This is the reason that virtually all full scale aircraft of the turbine variety, have DC/AC inverters because all the instrumentation runs off various voltages of AC power. You pull up a floor plate and you see huge bundles of tiny white wires, I think they're a 26g, running from the cockpit to the hell hole. Couldn't do that with DC current.

Haven't worked on the full scale stuff in some years, but as a point of interest a Grumman G IV Gulfstream, has four systems to create AC power.
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Old 04-16-2019, 09:29 PM
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Quote:
Originally Posted by astrohog View Post
so it is the servo connectors on the batteries themselves, not on the individual servos. Got it. I wonder if they will be robust enough for the slew of high-power, 12V servos hitting the market?

Astro
They will, because the higher the voltage the lower the amperage needed to do the same work.

Watts = Amps x Volts

Example:
A 4.8V @ 6 amps produces 28.8Watts of work

A servo running 7.2 volts only needs 4 amps to do the same work.

A 12v servo only requires 2.4 Amps.

So let's apply that to the real world. ( Hitec 7955, in video)

it took 5.7 amps to move @ 8.2 Volts = 46.74 Watts of work (Produces 27 or 28 lbs / in of torque)

To produce the same amount on a 4.8V system you'd need 9.73 amps.

Hope this helps clarify.
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Old 04-16-2019, 09:53 PM
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Quote:
Originally Posted by JoeT View Post
They will, because the higher the voltage the lower the amperage needed to do the same work.

Watts = Amps x Volts

Example:
A 4.8V @ 6 amps produces 28.8Watts of work

A servo running 7.2 volts only needs 4 amps to do the same work.

A 12v servo only requires 2.4 Amps.

So let's apply that to the real world. ( Hitec 7955, in video)

it took 5.7 amps to move @ 8.2 Volts = 46.74 Watts of work (Produces 27 or 28 lbs / in of torque)

To produce the same amount on a 4.8V system you'd need 9.73 amps.

Hope this helps clarify.
Yep, thanks! Electricity has always been voodoo magic to me, flip the switch, light goes on! (don't ask me why, it just does!)

Astro
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Old 04-16-2019, 09:55 PM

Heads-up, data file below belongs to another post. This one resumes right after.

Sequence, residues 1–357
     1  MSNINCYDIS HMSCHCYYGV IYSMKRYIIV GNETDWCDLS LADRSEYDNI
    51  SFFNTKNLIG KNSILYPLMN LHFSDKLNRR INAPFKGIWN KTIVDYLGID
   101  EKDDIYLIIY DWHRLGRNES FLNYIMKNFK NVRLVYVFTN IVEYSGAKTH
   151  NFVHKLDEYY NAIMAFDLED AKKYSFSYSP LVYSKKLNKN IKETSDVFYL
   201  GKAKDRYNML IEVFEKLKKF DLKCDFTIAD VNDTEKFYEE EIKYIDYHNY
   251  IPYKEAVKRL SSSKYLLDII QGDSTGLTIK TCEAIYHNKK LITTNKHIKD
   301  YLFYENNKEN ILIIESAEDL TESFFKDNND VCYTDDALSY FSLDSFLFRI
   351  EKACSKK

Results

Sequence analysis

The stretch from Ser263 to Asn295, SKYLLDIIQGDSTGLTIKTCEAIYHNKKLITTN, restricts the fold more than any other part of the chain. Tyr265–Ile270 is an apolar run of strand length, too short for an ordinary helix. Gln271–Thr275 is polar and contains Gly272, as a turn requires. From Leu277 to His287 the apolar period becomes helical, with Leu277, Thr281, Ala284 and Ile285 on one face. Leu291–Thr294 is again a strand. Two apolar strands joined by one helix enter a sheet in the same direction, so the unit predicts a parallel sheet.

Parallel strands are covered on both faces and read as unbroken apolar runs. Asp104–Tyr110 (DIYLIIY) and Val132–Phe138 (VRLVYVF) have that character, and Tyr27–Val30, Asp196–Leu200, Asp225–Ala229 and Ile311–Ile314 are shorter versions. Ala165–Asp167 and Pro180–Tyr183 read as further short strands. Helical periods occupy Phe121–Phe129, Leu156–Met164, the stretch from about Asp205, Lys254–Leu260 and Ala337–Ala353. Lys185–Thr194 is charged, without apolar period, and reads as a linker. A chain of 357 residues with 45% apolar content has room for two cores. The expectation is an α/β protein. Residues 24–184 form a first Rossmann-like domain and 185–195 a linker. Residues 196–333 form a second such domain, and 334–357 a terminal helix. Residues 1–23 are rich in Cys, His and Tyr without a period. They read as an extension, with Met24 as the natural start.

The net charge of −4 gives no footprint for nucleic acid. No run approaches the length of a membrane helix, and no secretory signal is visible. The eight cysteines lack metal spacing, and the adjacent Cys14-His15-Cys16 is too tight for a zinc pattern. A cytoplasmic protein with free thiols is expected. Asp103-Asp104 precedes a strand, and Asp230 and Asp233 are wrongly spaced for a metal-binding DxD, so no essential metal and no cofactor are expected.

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Originally Posted by astrohog View Post
Yep, thanks! Electricity has always been voodoo magic to me, flip the switch, light goes on! (don't ask me why, it just does!)

Astro
Rock On!!
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Old 04-16-2019, 09:58 PM
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Originally Posted by Zeeb View Post
I'm not familiar with the servos you speak of,
https://www.deeforce.net/product-pag...hv-12v-servo-1

Just recently saw them myself

Astro
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Old 04-16-2019, 10:51 PM
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I have used the smartfly micro 14F designed for Futaba 6014 receiver. I love it because it is inexpensive solution to making your Futaba receiver fails safe like. However it doesnít have any programming capabilities.
Also have a PB Mercury SRS in my jet and love it. Programming is easy with a lot of features. Main thing I love about it is the internal iGyro that adjusts the gain using their GPSII unit. But also has many helpful telemetry values (antenna fades, altitude, speed, distance covered, location, # of holds). Has so many features to mention including servos matching and door sequencer.

I also own a powerbox cockpit SRS doesnít have igyro installed but has a lot of programming capabilities
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Old 04-17-2019, 10:28 AM
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Quote:
Originally Posted by dldeuce View Post
Everyone cites that 5A figure, but I don't know where that comes from.
That's the rated spec on Hitec connectors, which are essentially the same as old JR connectors.

Quote:
Originally Posted by astrohog View Post
so it is the servo connectors on the batteries themselves, not on the individual servos. Got it. I wonder if they will be robust enough for the slew of high-power, 12V servos hitting the market?

Astro
There's a number of factors to consider but the theory is that yes they will.
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Old 04-17-2019, 12:14 PM
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The EQ10E should be hung on the wall at the AMA museum.
Too Funny Brian

Once I'm done with all of my Smartfly power expanders I well send them to AMA museum along with my Futuba 10c Radio and my Fromeco Ion Cube
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Old 04-17-2019, 01:09 PM
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If that is the bottleneck, and it is known to be the bottleneck, why donít the servo manufacturers change the plug?

Astro
That's good question for servo manufacturers! The only way to fix this issue is by changing the connector.